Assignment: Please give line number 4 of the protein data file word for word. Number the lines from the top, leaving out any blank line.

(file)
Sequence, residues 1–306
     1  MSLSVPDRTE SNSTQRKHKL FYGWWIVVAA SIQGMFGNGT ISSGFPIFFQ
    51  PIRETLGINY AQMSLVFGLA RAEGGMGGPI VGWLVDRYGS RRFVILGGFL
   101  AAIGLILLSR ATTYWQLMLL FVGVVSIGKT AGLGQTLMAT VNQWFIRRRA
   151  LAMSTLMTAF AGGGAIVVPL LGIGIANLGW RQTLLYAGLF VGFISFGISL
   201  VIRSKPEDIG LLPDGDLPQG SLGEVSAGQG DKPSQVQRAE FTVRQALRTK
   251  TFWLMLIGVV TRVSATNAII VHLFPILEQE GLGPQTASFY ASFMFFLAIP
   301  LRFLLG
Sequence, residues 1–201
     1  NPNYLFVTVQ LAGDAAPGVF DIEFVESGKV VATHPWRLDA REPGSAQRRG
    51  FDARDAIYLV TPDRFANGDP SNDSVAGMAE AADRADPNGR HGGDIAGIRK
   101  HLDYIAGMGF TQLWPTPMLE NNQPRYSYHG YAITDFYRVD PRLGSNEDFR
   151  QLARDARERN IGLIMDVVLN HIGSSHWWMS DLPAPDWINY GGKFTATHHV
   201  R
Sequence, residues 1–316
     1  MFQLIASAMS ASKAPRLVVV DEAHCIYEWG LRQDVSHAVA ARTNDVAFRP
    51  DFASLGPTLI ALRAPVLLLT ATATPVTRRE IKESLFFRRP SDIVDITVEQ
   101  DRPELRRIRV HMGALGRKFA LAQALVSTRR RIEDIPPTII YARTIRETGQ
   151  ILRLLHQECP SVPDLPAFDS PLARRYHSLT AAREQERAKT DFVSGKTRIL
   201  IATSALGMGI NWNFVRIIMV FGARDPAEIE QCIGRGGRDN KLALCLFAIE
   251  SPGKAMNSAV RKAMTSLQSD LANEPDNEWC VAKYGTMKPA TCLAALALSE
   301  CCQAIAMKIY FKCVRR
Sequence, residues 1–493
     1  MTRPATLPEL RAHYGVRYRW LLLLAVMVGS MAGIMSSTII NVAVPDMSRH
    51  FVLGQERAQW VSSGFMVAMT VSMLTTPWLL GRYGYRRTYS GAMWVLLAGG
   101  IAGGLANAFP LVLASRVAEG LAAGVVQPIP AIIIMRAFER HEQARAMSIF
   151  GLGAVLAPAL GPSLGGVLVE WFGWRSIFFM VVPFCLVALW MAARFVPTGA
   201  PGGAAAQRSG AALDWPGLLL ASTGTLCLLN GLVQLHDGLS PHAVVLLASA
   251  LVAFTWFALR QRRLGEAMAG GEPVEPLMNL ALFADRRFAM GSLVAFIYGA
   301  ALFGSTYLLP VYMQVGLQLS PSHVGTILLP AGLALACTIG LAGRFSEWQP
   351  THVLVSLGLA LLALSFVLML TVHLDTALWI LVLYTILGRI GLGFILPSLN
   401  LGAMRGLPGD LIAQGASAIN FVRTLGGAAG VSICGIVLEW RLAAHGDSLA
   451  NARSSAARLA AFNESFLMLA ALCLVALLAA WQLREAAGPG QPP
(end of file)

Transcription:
   101  AAIGLILLSR ATTYWQLMLL FVGVVSIGKT AGLGQTLMAT VNQWFIRRRA